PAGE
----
Then, when you’re modeling, you can speed things up by turning off shadows and profiles. I do this using a style that doesn’t affect anything related to camera positions or tag visibility. Toggling on this “work” mode will allow you to navigate and model much quicker.

If your models are still too large to handle, then you may consider breaking them up into smaller model subsets.


An example of the benefit of the frequent advise to clean up 3D Warehouse components before adding them to your projects:

This cook top in the Warehouse is 4 Mb.

Putting it on a diet gets it down to around 0.9 Mb without hurting it. I got rid of small details that wouldn’t be visible when it is added to a kitchen and eliminated the excessive nesting. More could be done to lighten this even further.

Screenshot - 9_30_2021 , 7_51_53 AM

I suggest to my students that they consider that there is some “budget” for their project. They max out the budget when their computer starts to choke on the file. I tell them to give some thought to where it makes sense to invest their budget and where they can cut corners.


Luckily, in our parts, the most popular modern cooktop is of the electric induction type. Its accurate representation is a black rectangle. :grinning:


In my quest to ‘lighten’ my files (thanks for all the tips), I saved a 62,5MB file in SU version 2018, opened it there, then saved it, then reopened it in 2021 … WOW!!! File reduced to 426kb!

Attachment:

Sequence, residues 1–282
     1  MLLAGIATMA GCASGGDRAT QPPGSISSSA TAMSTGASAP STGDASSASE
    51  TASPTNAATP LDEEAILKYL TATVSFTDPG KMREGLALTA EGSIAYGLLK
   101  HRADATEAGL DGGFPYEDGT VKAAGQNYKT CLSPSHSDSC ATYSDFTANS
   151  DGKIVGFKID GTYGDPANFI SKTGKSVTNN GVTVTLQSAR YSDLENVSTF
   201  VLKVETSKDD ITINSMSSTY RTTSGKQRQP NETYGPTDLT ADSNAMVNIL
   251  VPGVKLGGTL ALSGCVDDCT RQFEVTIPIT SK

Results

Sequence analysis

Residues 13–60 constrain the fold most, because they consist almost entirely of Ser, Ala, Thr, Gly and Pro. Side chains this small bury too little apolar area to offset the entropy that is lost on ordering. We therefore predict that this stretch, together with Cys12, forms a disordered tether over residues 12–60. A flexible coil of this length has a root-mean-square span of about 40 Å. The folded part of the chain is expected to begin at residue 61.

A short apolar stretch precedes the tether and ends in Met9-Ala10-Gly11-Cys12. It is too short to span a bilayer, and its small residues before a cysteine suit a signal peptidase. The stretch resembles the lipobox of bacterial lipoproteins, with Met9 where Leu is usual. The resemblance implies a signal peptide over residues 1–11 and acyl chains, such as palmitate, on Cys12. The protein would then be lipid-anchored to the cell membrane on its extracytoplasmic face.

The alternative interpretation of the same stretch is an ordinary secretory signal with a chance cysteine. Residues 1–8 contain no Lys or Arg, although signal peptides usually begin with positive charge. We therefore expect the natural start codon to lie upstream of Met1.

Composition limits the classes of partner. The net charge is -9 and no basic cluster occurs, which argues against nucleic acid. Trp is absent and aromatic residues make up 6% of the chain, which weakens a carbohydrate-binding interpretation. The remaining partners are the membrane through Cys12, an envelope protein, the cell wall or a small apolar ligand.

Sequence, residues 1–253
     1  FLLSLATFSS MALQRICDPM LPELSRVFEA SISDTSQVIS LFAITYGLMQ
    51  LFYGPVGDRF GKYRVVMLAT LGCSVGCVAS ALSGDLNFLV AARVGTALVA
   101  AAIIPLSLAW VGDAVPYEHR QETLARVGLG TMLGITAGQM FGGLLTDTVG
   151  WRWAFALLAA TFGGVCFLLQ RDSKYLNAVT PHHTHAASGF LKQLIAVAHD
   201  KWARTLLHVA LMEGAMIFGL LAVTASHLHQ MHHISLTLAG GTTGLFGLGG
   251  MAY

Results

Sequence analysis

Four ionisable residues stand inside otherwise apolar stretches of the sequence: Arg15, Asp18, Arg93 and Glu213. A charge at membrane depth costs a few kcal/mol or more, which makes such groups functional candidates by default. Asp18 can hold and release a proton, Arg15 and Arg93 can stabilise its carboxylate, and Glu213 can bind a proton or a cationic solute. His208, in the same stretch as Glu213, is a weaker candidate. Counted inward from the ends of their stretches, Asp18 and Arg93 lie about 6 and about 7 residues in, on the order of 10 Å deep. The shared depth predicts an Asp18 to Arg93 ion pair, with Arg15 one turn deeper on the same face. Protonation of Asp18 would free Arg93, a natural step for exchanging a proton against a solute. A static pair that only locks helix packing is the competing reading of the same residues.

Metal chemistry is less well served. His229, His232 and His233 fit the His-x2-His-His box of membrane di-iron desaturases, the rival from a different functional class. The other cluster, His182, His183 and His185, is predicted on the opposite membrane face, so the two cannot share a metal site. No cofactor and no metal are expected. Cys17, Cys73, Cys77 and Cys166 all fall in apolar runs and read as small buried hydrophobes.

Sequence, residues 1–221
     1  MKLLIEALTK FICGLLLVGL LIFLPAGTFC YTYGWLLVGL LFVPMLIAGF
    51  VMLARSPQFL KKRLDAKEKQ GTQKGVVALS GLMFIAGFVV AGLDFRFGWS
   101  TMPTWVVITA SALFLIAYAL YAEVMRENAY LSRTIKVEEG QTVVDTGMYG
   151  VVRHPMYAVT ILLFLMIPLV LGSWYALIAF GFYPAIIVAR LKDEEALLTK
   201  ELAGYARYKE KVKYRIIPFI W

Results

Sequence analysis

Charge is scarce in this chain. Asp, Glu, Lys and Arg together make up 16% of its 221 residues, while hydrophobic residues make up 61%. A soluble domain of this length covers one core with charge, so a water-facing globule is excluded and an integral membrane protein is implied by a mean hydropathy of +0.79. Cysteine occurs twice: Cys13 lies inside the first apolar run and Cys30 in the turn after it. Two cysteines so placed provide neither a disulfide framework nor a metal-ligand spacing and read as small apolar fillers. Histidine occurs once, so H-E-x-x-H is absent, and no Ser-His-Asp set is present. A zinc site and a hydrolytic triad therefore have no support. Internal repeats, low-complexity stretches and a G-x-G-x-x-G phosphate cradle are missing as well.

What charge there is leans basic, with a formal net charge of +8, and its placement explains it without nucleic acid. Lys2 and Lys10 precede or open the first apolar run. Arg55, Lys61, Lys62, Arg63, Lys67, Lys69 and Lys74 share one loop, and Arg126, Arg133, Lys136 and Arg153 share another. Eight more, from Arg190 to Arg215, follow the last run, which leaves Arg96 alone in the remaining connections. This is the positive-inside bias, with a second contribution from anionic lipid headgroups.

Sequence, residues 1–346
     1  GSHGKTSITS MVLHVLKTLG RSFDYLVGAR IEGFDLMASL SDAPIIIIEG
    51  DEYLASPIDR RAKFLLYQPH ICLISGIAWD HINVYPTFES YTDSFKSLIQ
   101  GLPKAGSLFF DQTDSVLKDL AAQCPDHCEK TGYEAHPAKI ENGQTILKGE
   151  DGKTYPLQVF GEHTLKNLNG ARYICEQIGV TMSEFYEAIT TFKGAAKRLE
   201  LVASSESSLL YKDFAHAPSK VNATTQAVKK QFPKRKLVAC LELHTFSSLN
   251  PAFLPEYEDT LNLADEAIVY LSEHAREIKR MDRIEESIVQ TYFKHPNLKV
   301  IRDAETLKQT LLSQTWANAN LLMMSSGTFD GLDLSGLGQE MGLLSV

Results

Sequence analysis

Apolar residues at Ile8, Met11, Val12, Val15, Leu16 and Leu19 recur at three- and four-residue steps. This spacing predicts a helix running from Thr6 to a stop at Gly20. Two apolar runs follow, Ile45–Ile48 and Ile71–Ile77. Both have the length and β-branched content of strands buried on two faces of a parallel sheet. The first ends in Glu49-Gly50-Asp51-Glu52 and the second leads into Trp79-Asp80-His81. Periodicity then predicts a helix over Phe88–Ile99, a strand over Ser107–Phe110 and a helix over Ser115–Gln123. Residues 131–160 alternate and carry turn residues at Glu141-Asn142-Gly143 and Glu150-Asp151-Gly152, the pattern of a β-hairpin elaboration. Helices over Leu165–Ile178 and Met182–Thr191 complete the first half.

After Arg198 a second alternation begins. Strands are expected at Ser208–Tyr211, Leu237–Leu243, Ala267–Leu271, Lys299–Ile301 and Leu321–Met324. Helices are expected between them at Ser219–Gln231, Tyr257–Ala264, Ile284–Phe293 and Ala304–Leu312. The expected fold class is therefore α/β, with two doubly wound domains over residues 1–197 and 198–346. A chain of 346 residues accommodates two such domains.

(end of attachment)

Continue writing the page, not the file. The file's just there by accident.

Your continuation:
Here’s also a good tip, I learend this the hard way. Texture size is possibly the biggest contributor to file size for people who download textures online and in various places. I saw my house model go from 350 mb which was extremely poorly done by my interior designer because she had no understanding on how to download 3d warehouse models, the file when I made all textures to be around 1080 instead many of which were 3000,4000 pixels, the file went from roughly 350 mb to something like 120, than the 3d warehouse cleanup took the file size to around 30mb, for a 3thousand sq ft house with a completely decked out interior of high quality, a full site plan, etc, a file size of 30 some mb is what you should get. For example, nick sonders has a huge home designed where just the home design and finsihed interior, the file size is 12mb… These things taught me a lot, however texture is one of again if not the biggest contributors to file size there is for designers…